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Chronic Pain Battle

bjfergebbjferge Posts: 123
edited 06/11/2012 - 8:46 AM in Chronic Pain

Everyone was asked in this groups, if they wanted to write something about chronic pain. These statement, ordeals, and pain history are going to be read today to a congressman. Hoping to change medication rules, and just hoping for help. Here's what I wrote let me know what you think. Please pass it on, and help give people like us a voice.


The cause you undertake is a noble one, and all you have named in your email are brave. We all fought a battle to be here, and that battle is PAIN. It is a battle I know well, since I have fought it for over 10 years now. This battle is a silent battle. A battle of shame, misunderstanding, and pure ignorance to our plight. We don't take the meds we take to feel that high. We take what we take to just make it through the day. So we can go shopping, see that game, see a friend, and to just function in society. But what happens? We get punished. Not just from our hell we call a body, but from society, doctors, law makers, and the one that hurts the most is our families. We are a SILENT MISUNDERSTOOD IN PAIN PUNISHED warrior.


The medications we take have been given a stigma of abuse by society, and their right these meds are abused. It's become the in thing to take these meds, and then go to rehab. A CHRONIC PAIN patient isn't the one going to rehab. We're the ones following our doctor's orders to the letter, because we are afraid that the medication will be taken away. We put our bodies through hell to get these medications. We under go procedures that a masochist would flinch at. From shots in the spine, to cutting away bone, to strange objects implanted in our body, electricity, having bone introduced that was someone elses, and all that is just few of the thing we indoor. Just so our PAIN doctor doesn't take away the one thing that help some. People on pain medication don't take them because we want to. WE TAKE THEM BECAUSE WE HAVE TO. CHRONIC PAIN PATIENTS ARE NOT ADDICTED...

This is the uphill battle CHRONIC PAIN patients have to deal with everyday. We don't need it to be made hard to get treatment. Is there going to continued abuse? Yes, but it's not done by CHRONIC PAIN patient. We need to find a balance, and there is not an easy answer. But it should not be taken out on the ligidiment pain doctors, and patients. We fighting this battle together, and yes it is a battle. A battle that need that knight in shining armor, but until that happens. We must all work together to find that balance, and to bring CHRONIC PAIN patients out of their silent suffering. To have a voice in what is being done to the for front, and stop the silent suffering.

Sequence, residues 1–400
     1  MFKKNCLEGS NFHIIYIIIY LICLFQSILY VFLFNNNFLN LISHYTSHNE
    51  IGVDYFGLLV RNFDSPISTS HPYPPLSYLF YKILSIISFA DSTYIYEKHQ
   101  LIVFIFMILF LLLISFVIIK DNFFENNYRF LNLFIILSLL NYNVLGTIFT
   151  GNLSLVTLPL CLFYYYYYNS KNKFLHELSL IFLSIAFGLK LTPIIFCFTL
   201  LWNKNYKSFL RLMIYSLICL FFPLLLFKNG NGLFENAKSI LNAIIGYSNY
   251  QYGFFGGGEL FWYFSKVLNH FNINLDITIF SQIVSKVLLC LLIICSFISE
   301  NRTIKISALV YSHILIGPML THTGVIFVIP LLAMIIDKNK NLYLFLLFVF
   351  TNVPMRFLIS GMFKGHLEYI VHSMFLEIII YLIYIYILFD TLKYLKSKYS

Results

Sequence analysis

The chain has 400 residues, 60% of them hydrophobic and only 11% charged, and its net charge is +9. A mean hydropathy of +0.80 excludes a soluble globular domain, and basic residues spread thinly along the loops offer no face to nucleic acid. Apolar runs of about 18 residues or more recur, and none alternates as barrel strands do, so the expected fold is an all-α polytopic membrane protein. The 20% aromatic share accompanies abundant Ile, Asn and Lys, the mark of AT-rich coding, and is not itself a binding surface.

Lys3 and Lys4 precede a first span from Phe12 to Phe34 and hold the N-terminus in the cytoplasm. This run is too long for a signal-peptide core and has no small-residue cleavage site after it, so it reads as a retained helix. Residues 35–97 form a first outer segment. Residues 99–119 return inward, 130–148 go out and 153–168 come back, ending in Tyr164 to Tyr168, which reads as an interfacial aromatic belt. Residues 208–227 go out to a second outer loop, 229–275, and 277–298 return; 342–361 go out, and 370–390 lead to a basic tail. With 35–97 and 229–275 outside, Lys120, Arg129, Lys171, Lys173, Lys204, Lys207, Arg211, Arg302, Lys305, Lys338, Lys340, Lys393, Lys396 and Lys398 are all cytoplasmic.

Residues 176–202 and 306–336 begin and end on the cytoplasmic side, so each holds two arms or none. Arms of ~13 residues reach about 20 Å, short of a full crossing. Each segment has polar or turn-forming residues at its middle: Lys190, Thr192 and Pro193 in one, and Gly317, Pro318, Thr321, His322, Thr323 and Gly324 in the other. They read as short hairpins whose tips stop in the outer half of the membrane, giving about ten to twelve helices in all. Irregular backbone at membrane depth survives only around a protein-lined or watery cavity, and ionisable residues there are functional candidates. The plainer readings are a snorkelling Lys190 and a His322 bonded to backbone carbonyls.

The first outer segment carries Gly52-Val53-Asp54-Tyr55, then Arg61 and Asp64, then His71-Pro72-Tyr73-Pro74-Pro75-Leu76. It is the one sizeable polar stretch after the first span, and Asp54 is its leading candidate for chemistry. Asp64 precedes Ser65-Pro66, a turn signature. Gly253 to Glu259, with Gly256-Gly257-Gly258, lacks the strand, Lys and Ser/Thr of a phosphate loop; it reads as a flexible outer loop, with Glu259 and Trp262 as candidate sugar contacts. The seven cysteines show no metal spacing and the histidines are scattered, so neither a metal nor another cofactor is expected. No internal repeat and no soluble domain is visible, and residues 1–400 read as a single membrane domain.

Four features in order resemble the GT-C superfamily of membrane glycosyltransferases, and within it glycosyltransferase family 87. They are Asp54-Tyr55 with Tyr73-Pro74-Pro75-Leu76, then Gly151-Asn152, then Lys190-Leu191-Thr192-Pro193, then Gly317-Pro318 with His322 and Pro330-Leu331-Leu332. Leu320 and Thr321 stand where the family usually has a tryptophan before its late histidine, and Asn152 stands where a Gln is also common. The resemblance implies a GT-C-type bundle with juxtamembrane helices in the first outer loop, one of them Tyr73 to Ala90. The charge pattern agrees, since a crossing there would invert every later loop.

Bobbi Jo Ferge




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Comments

  • Bobbi for your persistence in the fight for all of us in chronic pain. I too have written my congressman as this is Pain Awareness Month. We all need to get involved in this.

    The DEA is collaborating with our legislators regarding the medications most of us need to lead a more comfortable life. Production of certain opiates has been decreased, therefore, making it more difficult for pharmacies to be stocked well with these medications. This is in an effort to limit what is available on the streets!?! It's making our lives more difficult.

    Physicians are more wary now of providing us with pain control. I am going to see my PCP soon to discuss her reluctance to go along with pain control medications suggested by the specialists I see. A previous PCP had the audacity to sit there and argue with me regarding my need for pain medication. "If you got out there and walked for some exercise, lose some weight, that should help" How many of us have heard this?

    Instead of spending time and money on restricting our access to these medications, educate our physicians more on pain management. BTW, this was part of the proclamation suggested by an expert panel and it was voted down.